intermittent drive mechanism between said tuning shaft and said switching means for switching between adjacent crystal elements during a minor portion of each revolution of said shaft, and holding said switching means against actuation during the remaining portion of each revolution; and a second intermittent drive mechanism between said tuning shaft and said control shaft, said second intermittent drive acting during said minor portion of each revolution of said tuning shaft to hold said control shaft in a position at which one of the capacitances of said tuning device has a maximum value and acting during the remaining portion of each tuning shaft revolution to rotate said control shaft through one-half revolution.
3. Apparatus as claimed in claim 2 and in combination therewith a mixer, means for applying radio frequency energy and the frequency of said tunable oscillator to said mixer to produce an intermediate frequency, a discriminator having said intermediate frequency applied thereto and operating when said intermediate frequency deviates from a prescribed value to produce an error signal containing information as to the direction of the deviation, a bidirectional servo motor coupled to said tuning shaft,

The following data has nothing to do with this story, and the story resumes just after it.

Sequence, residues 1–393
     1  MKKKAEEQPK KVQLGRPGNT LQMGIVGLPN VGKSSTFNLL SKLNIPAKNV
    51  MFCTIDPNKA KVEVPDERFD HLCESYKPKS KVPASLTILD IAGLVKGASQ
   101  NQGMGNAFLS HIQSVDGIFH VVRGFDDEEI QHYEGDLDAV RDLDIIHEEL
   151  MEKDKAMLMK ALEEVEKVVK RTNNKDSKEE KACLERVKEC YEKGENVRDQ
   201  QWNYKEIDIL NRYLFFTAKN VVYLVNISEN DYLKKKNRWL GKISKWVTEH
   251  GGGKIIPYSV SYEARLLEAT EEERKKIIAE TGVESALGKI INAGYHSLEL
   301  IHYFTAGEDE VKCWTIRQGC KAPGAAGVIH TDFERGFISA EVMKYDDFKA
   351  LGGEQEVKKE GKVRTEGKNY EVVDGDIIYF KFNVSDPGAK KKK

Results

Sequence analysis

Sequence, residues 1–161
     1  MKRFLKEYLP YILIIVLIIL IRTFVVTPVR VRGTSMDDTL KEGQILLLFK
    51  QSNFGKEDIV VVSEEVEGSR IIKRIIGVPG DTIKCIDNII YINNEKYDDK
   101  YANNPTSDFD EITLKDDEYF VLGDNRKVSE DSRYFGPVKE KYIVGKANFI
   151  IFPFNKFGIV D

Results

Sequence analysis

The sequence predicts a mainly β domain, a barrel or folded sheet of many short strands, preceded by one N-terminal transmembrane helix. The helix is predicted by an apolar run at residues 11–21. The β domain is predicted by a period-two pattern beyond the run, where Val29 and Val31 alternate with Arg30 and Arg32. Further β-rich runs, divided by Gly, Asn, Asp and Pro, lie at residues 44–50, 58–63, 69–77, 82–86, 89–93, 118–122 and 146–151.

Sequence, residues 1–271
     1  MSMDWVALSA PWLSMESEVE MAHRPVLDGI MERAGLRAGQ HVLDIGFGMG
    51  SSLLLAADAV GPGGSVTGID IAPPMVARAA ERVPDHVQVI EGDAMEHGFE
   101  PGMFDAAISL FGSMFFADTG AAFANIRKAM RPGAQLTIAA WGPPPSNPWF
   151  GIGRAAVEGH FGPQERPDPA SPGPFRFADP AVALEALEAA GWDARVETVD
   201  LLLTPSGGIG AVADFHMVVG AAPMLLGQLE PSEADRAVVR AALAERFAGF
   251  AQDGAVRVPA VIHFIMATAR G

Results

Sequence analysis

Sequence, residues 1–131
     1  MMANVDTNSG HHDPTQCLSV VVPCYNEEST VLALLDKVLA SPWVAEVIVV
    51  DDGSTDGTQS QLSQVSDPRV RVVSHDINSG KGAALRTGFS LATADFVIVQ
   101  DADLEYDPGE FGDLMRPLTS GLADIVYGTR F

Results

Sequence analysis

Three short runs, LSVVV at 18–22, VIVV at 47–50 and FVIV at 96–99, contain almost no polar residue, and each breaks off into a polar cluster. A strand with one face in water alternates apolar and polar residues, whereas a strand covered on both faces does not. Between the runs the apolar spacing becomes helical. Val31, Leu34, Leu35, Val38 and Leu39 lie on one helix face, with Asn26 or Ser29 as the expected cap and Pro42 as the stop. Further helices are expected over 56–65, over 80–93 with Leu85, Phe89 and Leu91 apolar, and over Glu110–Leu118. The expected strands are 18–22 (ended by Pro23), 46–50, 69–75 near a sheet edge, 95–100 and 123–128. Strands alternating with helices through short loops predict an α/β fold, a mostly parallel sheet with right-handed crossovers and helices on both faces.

a motor control circuit to which said error signal is ,ap-l
plied for energizing said motor in the presence ofan error signal and controlling its direction of rotation in accordance with the error signal, and means actuated by said tuning shaft and operative during that portion of each revolution of said shaft beginning shortly prior to the instant one crystal element is disconnected from said oscillator by said switching means and ending shortly after the next succeeding crystal element is connected, said last named means while operative applying a fictitious error signal to said motor control circuit calling for the direction of rotation of said servo motor that was in effect when said last named means was actuated.
References Cited in the file of this patent UNITED STATES PATENTS